Episode 3 - The Ghost In The Machine
Computers are the most versatile machines ever invented, and the same piece of hardware can be used for thousands of different purposes. But it is software that brings the machine to life, and turns it into a phone, a music player, a game, or any number of other possibilities, including ones not even imagined by the creator of the hardware. But what is software, and how is it stored inside the computer? Is data the same thing as information? Why are some problems just too hard for any computer to solve, and how can we turn this to our advantage? To find out, join Chris Bishop as he explores the fascinating world of computer science, and see how software has touched almost every aspect of our lives. Find out how powerful new computers running sophisticated software are able to do thousands of tasks at once, and why a quantum computer may one day be able to do more calculations at the same time than there are atoms in the universe.

Episode 1 - Breaking The Speed Barrier How is it possible to build a machine as complex as the microprocessor with a billion tiny components packed into a space the size of a postage stamp?

Episode 2 - Chips With Everything Every day we interact with dozens if not hundreds of computers, often without even realising it. This lecture reveals the state-of-the-art in computer interaction.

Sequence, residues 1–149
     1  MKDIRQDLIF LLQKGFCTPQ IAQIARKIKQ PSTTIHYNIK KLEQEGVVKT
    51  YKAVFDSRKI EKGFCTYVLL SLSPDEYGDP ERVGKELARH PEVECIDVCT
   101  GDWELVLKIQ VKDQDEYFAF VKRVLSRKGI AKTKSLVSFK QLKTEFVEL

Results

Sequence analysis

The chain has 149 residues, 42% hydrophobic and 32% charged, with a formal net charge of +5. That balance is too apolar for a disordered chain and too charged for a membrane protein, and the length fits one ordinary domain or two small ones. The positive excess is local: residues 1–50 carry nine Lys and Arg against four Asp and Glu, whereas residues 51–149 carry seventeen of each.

Episode 3 - The Ghost In The Machine What is software, and how is it stored inside the computer? Why are some problems just too hard for any computer to solve, and how can we turn this to our advantage?

Episode 4 - Untangling The Web How does information make its way across the internet, through hundreds of computers to the right destination? How does a search engine find the web page you want amongst billions of possibilities in a fraction of a second?

Episode 5 - Digital Intelligence Computers are extraordinary machines, able to perform feats of arithmetic that far exceed the capabilities of any human. So why is a 3 year old toddler better at recognising everyday objects than the world's most powerful supercomputer?

Credits
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